Gerriets International is a generous sponsor to the Guild of Scenic Artists. They are a theatrical equipment and scenery products company that provides fabrics, flooring, projection surfaces, and technical systems. Scenic Artists know them for textiles such as muslin, velour and sharkstooth scrim.
As part of their sponsorship, they provided some samples for us to try out and review. In the box of fabrics they sent, I was immediately drawn to the neatly folded groundcloth material named MALTA.
MALTA is a wide width heavy-weight cotton canvas that can be used effectively as a floor cloth, and is available in natural, white and black, and come NFR and FR. The 6ft square sample size of the NFR version was just right to offer a surface for a faux woven rug design, with plenty of test space to spare, and so the fabric chose the project. The sturdy weave and clean, smooth, tight surface was begging for a geometric design. My colleagues know that I often spend my time ticking out a tessellation on gridded paper while taking my notes; I love geometric patterns and abstract geometric art. So, a woven rug with a geometric design was a natural choice.
Cutting and Sizing
When I cut along the grain of the fabric, it was fairly easy to slide a scissors across in a straight line. I tested the strength by attempting to tear the fabric. Even with a snip on grain, it would not tear. MALTA carries a very tight weave and so I wasn’t expecting much shrinkage. However, because the fibers seemed awful strong and I didn’t want to risk pulling staples, I left a healthy amount of slack when sizing it.
I sized it with a taupe color of Sherwin Williams Resilience with a big natural bristle lay-in brush. Resilience is an exterior grade paint that is aptly named and also comes in quarts, which is handy when you need those candy colors. My employer, VStar, does a variety of work in large scales and there are always interesting leftover products to try. This sample project was also made possible by the generosity of Charge Artist Stephen Michael, who graciously allowed me to park myself on the paint deck, raid his shelves, and go to town.
Texture, Stencils, and Color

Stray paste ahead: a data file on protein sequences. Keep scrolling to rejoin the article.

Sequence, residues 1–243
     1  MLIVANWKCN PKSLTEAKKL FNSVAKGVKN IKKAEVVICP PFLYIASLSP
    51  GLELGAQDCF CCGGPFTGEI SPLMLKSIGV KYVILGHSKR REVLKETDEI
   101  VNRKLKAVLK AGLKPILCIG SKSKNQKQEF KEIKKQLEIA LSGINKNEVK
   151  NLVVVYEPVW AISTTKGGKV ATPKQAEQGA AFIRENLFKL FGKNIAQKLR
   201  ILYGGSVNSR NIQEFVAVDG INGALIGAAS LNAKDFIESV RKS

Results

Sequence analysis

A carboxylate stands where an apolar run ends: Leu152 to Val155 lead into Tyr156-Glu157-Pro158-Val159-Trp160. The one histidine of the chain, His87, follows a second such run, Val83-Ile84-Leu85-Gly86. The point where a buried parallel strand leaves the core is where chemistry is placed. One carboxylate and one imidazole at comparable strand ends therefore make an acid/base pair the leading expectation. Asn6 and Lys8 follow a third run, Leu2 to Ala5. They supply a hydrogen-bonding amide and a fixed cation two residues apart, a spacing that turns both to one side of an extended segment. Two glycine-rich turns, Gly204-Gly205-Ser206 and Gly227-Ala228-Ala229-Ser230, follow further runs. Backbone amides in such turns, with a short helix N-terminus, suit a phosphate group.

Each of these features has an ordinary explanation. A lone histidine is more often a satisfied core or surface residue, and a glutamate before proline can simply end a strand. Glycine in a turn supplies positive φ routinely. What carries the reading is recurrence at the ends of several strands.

- Stencils with a cheesecloth interference
Once my base was dry I did a coarse spatter of a neutral blue and yellow. Using tertiary colors can be an effective way to build visual texture in a neutral palette. On to layout, I knew this would be a good project for stencils. I found a remnant piece of an adhesive vinyl with a bonus gridded backing, making the stepped layout of the woven rug although a bit tedious, easy to layout and accomplish. I wanted to add a nubby cloth texture into the treatment in one step, so I used cheesecloth as an interference between my stencil brush and the surface. The weave of the cheesecloth works to “interrupt” the stippling effect of the stencil brush, leaving a conveniently woven pattern. The cheesecloth was generally squared to the stencil, though I wanted some irregularities so the result would look more natural like a hand tied rug.
When it came time to start laying in color, I selected Nova Color for a few reasons. First, the colors are beautifully saturated and the heavy acrylic load makes for a durable and extremely flexible paint. Additionally, I chose Nova Color because while I have heard much about the product, I haven’t had a lot of opportunity to work with it. The paint and the MALTA fabric were a great partnership.
After completing the multi part stenciling process and final toning and texturing, once again I used cheesecloth as a resist so that my toning spays would be in a gridded pattern. I sealed it with Lenmar’s Aqua–Plastic Waterborne Urethane (an old favorite), and glued the edges back with Rosco FlexBond glue.
I’d feel confident using the MALTA canvas for any ground cloth application. I’m looking forward to digging into the box of samples and see what strikes me next!
The Guild will be using this groundcloth at our booth for USITT 2019. Stop by to see it, and us, in person this coming spring in Louisville!
Tina (Nordquist) Yager has been working as a scenic artist for more than a fifteen years. Like many scenic artists she has worked for dozens of companies, some favorites include: American Player’s Theatre, VStar Entertainment, Children’s Theatre Company, and UW-Milwaukee. She held a full time staff position as charge artist for the University of Iowa and it was here that she developed a love for teaching and mentoring. She just moved to Minnesota with her husband and two young daughters and is so happy to be close to family again. Tina is proud to be a founding member of Guild: “Leading as president is easy when you have a strong board, generous volunteers and invested members.”